The assault on conservative speech

June 17, 2019 |

I’ve recently been covering the growing assault on conservative speech by big tech companies.  They used to deny it or blame it on their “algorithms,” but now, they’re barely even making the effort to deny their bias – and when they do, their denials are undermined by former employees who are speaking out about the culture of leftist tyranny that exists inside companies such as Google, Twitter and Pinterest. 

(If you missed what I wrote last week, much of it has been compiled into an op-ed here):

Over the weekend, the New York Times did its best to try to provide cover for censoring conservatives with a ridiculous piece about how watching rightwing YouTube videos “radicalized” a poor, unsuspecting young liberal into an alt-right monster before he realized the error of his ways (at one point, he even dated – gasp! – a Christian girl!) 

Among the dangerous rightwing radicals identified by the Times were Ben Shapiro (apparently, the only Orthodox Jewish Nazi in the world) and Dave Rubin, a gay, classically liberal talk show host whose crime is to treat conservative guests like human beings.  Rubin discussed with Fox News’ Jesse Watters what it felt like to have the paper he grew up on branding him as a rightwing radical:

This seems to be part of an escalating campaign to silence all conservatives before the 2020 election.  Andrew Klavan of the Daily Wire explains it this way:

1. Convince people that hate speech should be silenced.

2. Define hate speech as alt-right.

3. Label powerful mainstream conservatives “alt-right.”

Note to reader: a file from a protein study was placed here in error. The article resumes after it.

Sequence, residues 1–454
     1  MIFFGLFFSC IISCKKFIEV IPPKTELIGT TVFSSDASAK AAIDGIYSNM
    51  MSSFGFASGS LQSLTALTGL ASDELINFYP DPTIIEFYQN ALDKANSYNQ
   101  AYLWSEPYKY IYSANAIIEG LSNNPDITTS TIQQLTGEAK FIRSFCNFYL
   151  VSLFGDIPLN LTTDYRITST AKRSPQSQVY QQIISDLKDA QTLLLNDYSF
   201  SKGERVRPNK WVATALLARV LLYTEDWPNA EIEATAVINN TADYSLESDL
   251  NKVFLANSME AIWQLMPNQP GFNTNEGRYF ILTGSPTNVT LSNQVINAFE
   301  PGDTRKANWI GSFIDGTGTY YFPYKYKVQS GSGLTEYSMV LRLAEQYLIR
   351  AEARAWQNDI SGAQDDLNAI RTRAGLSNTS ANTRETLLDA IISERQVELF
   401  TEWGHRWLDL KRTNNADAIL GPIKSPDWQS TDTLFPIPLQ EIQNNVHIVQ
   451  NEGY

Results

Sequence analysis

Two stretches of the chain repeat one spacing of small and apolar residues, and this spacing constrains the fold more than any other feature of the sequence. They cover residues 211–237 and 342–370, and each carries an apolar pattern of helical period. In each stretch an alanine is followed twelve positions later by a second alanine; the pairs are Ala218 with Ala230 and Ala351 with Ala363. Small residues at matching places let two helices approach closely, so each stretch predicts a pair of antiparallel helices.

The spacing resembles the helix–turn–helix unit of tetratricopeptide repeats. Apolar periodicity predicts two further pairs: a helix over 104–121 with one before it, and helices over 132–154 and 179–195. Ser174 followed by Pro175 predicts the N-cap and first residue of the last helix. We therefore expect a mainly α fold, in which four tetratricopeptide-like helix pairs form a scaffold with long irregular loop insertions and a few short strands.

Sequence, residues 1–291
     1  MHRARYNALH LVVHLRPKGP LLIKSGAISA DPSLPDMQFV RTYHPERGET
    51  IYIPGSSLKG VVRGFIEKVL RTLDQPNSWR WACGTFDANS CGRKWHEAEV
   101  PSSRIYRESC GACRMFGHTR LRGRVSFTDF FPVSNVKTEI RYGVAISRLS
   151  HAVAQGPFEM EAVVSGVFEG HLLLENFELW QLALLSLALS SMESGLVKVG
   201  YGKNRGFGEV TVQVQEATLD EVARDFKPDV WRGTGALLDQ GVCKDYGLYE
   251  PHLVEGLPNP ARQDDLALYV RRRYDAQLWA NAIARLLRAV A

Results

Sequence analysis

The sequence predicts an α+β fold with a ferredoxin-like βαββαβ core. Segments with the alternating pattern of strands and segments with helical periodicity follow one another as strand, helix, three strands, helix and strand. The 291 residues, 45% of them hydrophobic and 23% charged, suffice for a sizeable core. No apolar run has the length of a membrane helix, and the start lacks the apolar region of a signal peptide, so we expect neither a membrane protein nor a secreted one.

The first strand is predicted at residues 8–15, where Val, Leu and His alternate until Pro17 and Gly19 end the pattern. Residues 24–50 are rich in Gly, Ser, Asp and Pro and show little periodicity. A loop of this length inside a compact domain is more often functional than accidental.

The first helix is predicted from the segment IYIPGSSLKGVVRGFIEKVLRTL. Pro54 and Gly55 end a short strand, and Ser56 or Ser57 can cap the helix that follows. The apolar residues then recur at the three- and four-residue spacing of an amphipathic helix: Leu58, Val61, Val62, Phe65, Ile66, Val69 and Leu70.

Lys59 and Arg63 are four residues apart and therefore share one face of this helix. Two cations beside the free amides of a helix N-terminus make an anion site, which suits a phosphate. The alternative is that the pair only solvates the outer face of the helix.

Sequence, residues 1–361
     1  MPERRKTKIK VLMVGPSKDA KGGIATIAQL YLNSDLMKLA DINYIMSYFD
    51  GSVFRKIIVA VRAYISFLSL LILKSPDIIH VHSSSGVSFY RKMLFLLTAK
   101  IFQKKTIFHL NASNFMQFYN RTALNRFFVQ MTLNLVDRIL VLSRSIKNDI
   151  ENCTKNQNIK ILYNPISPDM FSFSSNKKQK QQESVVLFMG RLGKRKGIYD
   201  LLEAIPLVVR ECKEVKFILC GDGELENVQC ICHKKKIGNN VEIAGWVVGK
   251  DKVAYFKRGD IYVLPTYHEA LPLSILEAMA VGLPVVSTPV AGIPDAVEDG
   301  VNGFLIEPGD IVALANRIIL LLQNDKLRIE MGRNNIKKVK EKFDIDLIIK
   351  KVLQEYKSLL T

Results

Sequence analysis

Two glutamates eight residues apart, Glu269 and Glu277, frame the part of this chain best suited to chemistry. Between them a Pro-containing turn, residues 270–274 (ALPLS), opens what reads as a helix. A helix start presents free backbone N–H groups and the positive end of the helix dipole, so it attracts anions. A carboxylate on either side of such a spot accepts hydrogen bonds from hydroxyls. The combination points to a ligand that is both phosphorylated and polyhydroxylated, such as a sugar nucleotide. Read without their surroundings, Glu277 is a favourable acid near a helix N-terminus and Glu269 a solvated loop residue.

4. Silence powerful mainstream conservatives.

It used to be an inside joke in politics that to the media, all Republicans were “arch-conservatives” or “far-right,” but there was no such thing as a far-left, arch-liberal.  This goes back so far that Barry Goldwater was a far-right arch-conservative, while Ted Kennedy was just a liberal.  But it’s no joke anymore.  It seems to be part of a concerted effort to smear and ban people just for holding views that are not approved by people in media who have managed the neat trick of simultaneously being both far-left and fascist.


Another example of viewpoint censorship: we all howled with laughter when Hillary Clinton was signed as a speaker at a cybersecurity conference.  But this is not ironically hilarious, just infuriating:

Texas Republican Rep. Will Hurd is a former CIA officer and a longtime expert and advocate for cybersecurity.  So he seemed to be the perfect choice as keynote speaker of an upcoming conference on that subject in Las Vegas.  But the organizers caved in and canceled his speech due to leftist pressure after an editor for Tech Crunch tweeted that Hurd has “a terrible voting record on women’s rights.”

For the uninitiated, that means he’s pro-life and doesn’t support the “right” to slaughter children in the womb.  Which, of course, makes him unsuitable to talk about cybersecurity.  Unlike Hillary Clinton, who is the world’s worst example of cybersecurity, but is radically pro-abortion. 

It sounds as if anyone who really wants to learn anything about cybersecurity could safely abort these politicized conferences from their schedule.


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